Quick and Basic Security Assessment for Databases

When preparing a database solution, one must always make sure that the security of the database is up to specification. The first step in proper securing of the database is a security posture assessment.

While there are a lot of tools that will do this for you, Imperva has a free tool named Scuba that will do very basic but very fast database security posture assessment.

To use Scuba, just download and extract the zip file to a folder. Input the DBMS connection parameters, test the connection and press Go.

After Scuba finishes the assessment, it produces an XML report. To review it in a human readable form, choose the level of detail from the report templates (Summary, Assessment with details, Assessment without details) and generate the HTML.

Here is a screenshot of the generated assessment report

The level of the report quality is basic, but it will point you in the right direction by sifting through the well known attack methods and vulnerabilities. One must not rely simply on this tool for database security, and should employ other relevant tools.

User warning: Since the tool comes with NO DOCUMENTATION, here are several warnings and tips that will ease your usage

  1. Since Scuba is a Java based tool, it requires JRE to work. Also, in order to connect to MS SQL RDBMS, you must have a Microsoft SQL Server JDBC Driver installed.
  2. The error messages are logged but there is no user friendly message when an error occurs. In order to debug possible problems, look for the 'scuba-error.txt' file and read through the Java exceptions recorded.
  3. The 'scuba-error.txt' file is appended, so the last error in the file is the one that hit you. For easier debugging, delete the scuba-error.txt after each session to limit the errors from the current session only.
Talkback and comments are most welcome

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Creating BackTrack4 Pentest Virtual Machine

BackTrack4 is an excellent Penetration Testing Distro, but in the LiveCD version it is quite crippled:

  • There is no possibility to install additional software
  • There is no possibility to create custom scripts
  • All attacks need to start from scratch

In order to alleviate this issue, there are several options. My most flexible solution is to create a VMware virtual machine with the installation. Since BackTrack4 has no installer included, here is a brief tutorial with the scripts included.

Create a Virtual Machine as Custom Linux, and Choose Ubuntu as the assumed Host Operating System
Choose a SCSI Hard Disk of at least 5GB (We recommend 8GB)
Boot the Virtual Machine from the BackTrack DVD

Creation of Partitions
After booting, log-on and partition the SCSI Hard Drive (/dev/sda)
Create 2 primary partitions, one for BackTrack, Linux - type 83 with at least 4 GB space, and one Linux Swap - type 82 of 512MB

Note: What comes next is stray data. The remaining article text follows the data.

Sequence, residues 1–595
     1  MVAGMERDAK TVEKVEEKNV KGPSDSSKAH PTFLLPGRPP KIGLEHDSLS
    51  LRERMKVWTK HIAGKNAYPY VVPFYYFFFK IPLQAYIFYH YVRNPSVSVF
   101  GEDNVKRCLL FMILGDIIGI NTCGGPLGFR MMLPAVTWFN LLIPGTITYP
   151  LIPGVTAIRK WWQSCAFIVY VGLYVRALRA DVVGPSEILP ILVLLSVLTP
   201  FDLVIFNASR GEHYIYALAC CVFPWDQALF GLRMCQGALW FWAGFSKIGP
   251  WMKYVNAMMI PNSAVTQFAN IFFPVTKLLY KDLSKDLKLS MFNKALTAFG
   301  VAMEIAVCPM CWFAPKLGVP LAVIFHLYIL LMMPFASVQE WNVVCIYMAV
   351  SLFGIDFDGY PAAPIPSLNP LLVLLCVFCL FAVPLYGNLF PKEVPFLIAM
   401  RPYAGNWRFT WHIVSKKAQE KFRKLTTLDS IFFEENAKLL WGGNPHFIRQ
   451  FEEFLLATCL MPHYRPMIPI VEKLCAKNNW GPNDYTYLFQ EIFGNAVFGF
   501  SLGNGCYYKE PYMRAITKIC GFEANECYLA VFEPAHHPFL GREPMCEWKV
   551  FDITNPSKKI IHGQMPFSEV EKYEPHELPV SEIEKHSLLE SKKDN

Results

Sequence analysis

fdisk /dev/sda
After creating the partition table, format the BackTrack partition

mkfs /dev/sda1
After formatting, mount the partition
mkdir /mnt/sda1
mount /dev/sda1 /mnt/sda1/

Copy the BackTrack Data
Create the copying script in the root's home directory
vi create_bt_disk
Paste the following text in the VI editor and save it
list=`cd /;ls -l|awk {'print $8'}`
for i in $list
if [ "$i" = 'mnt' -o "$i" = 'proc' -o "$i" = 'sys' ];then i='root';fi
echo $i
cp -pR /$i /mnt/sda1
mkdir /mnt/sda1/sys
mkdir /mnt/sda1/proc
mkdir /mnt/sda1/mnt
echo 'Done'

Make the script executable and run it
chmod 755 create_bt_disk

Finishing Touches

After the script finishes, change the root directory to the disk drive in order to make the disk bootable
mount --bind /dev/ /mnt/sda1/dev/
mount -t proc proc /mnt/sda1/proc/
chroot /mnt/sda1

Run LILO to write info to the MBR of /dev/sda. NOTE: The default lilo.conf works with disk /dev/sda and partition /dev/sda1. If you have a different disk configuration, you need to change the /etc/lilo.conf appropriately before running LILO
lilo -v

All done. Just reboot and remove the BackTrack DVD

We hope that this tutorial eases your use of the BackTrack suite.

Talkback and comments are most welcome

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BlogTipz hack - The BlogTipz editor response

We received the reply from the editor of BlogTipz.

From the info, it seems that the hack on BlogTipz is merely a target of opportunity.

The hack method is probably not related to error of WordPress, but the editor of BlogTipz does not reveal the actual attack method.

At any rate, blog masters everywhere need to maintain blog security high on their list of priorities

Here is the reply in full

Yes, I was going to possibly write a post on the blog, because I was not aware of it (it could have been up for 12+ hours). They simply changed the login name and password and injected in a new index (main) page, so it was rather simple to recover (within an hour).

I will be securing WordPress even more form this day forward to prevent it form happening on other sites. I was using a current version of WordPress. The attacker was called "North-Africa Security Team" and appears to be one of the most popular hackers in terms of results (~14 million).

If you need any further information, please inform me. I will be informing readers about this soon.

And, thanks for informing your readers about this.

Talkback and comments are most welcome

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Blogtipz Hacked